Creeping phlox (Phlox stolonifera) can survive winter lows in U.S. Department of Agriculture plant hardiness zones 5 to 9. Moss phlox (Phlox subulata) and sand phlox (Phlox bifida), also creeping phlox species, can survive even colder winters. Moss phlox is hardy in USDA zones 3 to 9, while sand phlox is hardy in USDA zones 4 to 8. Late spring frost and winter weather can do some damage, though. Provide the plants with protection from these weather extremes.
Creeping phlox plants are not as sensitive to frost as many other plants, but temperatures of 20 degrees Fahrenheit for a few nights after a period of warm spring weather will damage them and temperatures below 40 F should prompt protective measures. When damaged, the leaves may wilt or look scorched with dry, brown areas. Flower buds can be killed or damaged so that the petals appear irregular and distorted. Creeping phlox plants recover quickly, but flowering could be reduced.
Fall frost is not a problem for creeping phlox plants. They have finished blooming by then and the foliage is mature enough to handle the cold until true winter temperatures set in.
Tightly closed flower buds may bloom normally after a damaging frost.
Monitor weather reports and cover creeping phlox when temperatures below 40 F are predicted in the spring. Cover plants each evening, and uncover them when temperatures warm the next day.
To cover creeping phlox, spread several layers of newspapers, a garbage bag or a sheet over them. Anchor the covering with rocks so that it is flush with the soil and does not blow off. Overturned buckets and cardboard boxes can also be used to cover creeping phlox.
Winter Weather Damage
Frost heaving and winter drying are big problems for creeping phlox plants. When the soil thaws and freezes throughout the winter and spring, their shallow roots can be heaved, or pushed up, out of the soil and exposed to the elements. Creeping phlox plants are especially prone to heaving during the first winter or two after planting. Their shallow roots can take a year or two to get a firm hold in the soil.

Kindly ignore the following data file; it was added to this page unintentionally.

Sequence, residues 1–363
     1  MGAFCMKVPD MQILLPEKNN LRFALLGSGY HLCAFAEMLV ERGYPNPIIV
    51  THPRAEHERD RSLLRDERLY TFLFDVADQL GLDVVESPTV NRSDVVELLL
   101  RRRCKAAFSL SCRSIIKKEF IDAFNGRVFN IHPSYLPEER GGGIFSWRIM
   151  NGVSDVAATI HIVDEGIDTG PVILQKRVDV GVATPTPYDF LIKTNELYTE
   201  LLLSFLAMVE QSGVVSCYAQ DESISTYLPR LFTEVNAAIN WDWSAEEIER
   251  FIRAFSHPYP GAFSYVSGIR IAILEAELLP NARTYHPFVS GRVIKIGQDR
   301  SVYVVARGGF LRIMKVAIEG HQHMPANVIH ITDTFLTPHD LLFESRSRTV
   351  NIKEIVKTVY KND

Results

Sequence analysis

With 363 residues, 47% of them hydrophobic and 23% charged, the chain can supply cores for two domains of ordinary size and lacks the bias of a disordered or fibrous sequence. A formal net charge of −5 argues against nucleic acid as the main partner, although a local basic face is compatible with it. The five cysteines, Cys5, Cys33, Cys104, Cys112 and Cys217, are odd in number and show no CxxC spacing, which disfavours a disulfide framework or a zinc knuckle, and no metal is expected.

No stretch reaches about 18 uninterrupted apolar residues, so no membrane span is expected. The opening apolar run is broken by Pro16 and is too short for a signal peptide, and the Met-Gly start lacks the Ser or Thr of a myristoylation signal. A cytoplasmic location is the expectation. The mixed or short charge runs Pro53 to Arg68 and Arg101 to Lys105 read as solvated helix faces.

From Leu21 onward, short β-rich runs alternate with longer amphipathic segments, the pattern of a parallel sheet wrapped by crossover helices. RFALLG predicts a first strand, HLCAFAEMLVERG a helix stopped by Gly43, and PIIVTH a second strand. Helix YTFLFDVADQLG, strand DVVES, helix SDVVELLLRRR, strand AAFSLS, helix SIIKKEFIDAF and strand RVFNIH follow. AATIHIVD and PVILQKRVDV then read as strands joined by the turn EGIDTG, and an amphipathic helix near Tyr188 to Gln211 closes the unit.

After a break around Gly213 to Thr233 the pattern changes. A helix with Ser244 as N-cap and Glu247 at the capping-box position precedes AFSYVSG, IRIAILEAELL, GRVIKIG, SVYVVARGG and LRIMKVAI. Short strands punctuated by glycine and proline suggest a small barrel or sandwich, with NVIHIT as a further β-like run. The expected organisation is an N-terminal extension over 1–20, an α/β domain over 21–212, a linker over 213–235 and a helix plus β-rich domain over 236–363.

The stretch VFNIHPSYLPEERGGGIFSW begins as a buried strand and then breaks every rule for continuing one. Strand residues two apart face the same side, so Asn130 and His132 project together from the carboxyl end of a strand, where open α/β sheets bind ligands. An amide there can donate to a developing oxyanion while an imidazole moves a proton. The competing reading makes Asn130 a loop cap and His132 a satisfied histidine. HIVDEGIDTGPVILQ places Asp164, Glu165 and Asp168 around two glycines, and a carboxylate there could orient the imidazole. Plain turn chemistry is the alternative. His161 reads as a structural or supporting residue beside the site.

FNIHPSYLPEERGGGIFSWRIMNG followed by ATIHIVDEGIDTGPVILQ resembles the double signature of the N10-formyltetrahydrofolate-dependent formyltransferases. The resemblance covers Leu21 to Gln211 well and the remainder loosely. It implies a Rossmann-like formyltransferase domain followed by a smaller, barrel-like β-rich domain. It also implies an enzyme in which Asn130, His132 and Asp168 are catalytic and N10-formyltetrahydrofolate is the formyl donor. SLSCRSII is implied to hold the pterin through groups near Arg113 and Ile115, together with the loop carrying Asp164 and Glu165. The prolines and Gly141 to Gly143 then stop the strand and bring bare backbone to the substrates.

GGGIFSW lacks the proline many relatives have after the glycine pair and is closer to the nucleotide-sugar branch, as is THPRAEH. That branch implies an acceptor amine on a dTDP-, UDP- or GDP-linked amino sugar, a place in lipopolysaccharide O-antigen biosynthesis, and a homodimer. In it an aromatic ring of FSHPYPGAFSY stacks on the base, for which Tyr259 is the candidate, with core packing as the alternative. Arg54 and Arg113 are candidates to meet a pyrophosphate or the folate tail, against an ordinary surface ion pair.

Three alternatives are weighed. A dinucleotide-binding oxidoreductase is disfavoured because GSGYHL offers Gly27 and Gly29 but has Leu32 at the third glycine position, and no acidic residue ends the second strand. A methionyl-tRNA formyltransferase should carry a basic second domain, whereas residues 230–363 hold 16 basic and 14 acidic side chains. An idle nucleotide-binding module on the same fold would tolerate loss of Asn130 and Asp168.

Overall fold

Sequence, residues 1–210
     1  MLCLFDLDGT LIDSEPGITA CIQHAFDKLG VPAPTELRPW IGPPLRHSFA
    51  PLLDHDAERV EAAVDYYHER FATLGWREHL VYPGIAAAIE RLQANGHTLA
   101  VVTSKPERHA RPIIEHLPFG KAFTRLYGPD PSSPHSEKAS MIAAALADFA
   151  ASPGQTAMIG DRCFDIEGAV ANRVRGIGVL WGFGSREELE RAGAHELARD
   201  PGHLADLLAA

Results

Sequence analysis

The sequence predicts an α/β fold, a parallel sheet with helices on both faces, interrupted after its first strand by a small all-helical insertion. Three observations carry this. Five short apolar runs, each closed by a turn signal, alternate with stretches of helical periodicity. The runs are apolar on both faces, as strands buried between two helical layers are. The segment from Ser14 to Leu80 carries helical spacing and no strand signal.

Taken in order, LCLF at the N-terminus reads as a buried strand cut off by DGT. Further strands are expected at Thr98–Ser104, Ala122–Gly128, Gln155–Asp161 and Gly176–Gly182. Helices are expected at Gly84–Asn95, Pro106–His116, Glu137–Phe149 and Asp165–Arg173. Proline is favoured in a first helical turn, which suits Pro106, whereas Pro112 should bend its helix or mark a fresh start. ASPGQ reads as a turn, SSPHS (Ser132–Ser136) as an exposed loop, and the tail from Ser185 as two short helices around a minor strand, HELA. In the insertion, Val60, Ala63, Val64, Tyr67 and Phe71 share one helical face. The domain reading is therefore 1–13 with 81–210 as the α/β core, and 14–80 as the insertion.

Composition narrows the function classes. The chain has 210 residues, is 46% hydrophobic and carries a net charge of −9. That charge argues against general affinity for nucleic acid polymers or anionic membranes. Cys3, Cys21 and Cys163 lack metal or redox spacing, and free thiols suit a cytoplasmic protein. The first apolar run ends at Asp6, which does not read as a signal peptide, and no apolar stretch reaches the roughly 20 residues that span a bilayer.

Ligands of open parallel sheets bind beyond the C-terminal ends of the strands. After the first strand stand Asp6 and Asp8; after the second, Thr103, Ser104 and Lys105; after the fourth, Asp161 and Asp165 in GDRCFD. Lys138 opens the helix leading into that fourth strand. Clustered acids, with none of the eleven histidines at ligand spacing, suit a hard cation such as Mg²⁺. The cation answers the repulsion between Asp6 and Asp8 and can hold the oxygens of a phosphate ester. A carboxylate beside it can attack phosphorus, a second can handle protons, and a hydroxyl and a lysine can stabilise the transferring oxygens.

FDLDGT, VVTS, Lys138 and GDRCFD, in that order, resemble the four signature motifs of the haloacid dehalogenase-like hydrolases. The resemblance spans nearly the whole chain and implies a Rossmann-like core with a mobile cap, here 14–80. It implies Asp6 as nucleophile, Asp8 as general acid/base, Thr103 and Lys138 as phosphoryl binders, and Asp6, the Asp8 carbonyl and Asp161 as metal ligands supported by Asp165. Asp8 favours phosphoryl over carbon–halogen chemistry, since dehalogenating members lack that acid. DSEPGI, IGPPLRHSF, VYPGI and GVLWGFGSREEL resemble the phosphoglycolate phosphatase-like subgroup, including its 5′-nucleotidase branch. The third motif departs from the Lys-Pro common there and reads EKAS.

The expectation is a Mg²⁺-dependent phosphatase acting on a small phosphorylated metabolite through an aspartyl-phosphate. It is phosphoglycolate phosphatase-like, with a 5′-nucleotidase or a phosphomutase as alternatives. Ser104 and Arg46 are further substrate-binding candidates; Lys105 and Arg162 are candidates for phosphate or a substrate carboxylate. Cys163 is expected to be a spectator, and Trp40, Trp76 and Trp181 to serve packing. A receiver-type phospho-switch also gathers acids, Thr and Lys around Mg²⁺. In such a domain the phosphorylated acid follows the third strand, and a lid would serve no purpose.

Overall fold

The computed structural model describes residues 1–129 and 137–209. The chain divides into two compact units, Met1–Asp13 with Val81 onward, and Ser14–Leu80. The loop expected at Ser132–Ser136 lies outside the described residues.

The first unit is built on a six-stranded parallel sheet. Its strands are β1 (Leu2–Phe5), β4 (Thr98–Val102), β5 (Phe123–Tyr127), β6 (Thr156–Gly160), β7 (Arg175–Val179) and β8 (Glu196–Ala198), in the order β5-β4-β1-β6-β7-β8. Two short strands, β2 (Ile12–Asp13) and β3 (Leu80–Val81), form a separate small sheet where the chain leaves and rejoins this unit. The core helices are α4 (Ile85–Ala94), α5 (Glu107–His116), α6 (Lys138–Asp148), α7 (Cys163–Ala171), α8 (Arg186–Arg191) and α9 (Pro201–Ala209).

Winter drying occurs when creeping phlox foliage is exposed to cold winter winds and direct sunlight. Even though they are evergreen, the plants go dormant in the winter and can't absorb moisture to keep the leaves hydrated.
If the phlox has been damaged during winter, wait until warm weather in spring to prune off any damaged parts. Sterilize your pruning tools by wiping the blades off with alcohol and allow to dry before trimming. Unsterilized pruning tools can transfer unwanted diseases to healthy plants.
To protect creeping phlox against heaving and drying, pile 3 inches of shredded pine bark mulch, straw or pine needles over the tops of plants after two or three hard frosts in the fall. This helps moderate soil temperatures, reducing the freeze-thaw cycle severity, and protect the foliage from harsh, cold, drying wind and sun.
Check the creeping phlox on warm days throughout the winter and early spring to see whether the roots have been pushed up. If they have, gently press the plant back down and firm the soil or spread a few inches of fresh soil over the roots and firm it by hand. Remove the protective covering in the spring when there is no longer any risk of the soil freezing.
Shoveling snow or placing needle-leaved evergreen branches over creeping phlox plants also helps prevent winter wind and sun damage to the leaves.
- Kansas State University Research and Extension: Problem: Freeze and Frost Damage in Spring
- Western Regional Climate Center: Freeze/Frost Probabilities
- Missouri Botanical Garden: Frost Injury and Ice Damage
- Ohio State University: Phlox subulata
- University of Illinois Extension Gardener’s Corner: 10 Spring Gardening Tips
- Colorado State University Extension: Ground Cover Plants
- Iowa State University: Extension News: Frost Heaving Perennials
Reannan Raine worked for 30 years in the non-profit sector in various positions. She recently became a licensed insurance agent but has decided to pursue a writing career instead. Ms. Raine is hoping to have her first novel published soon.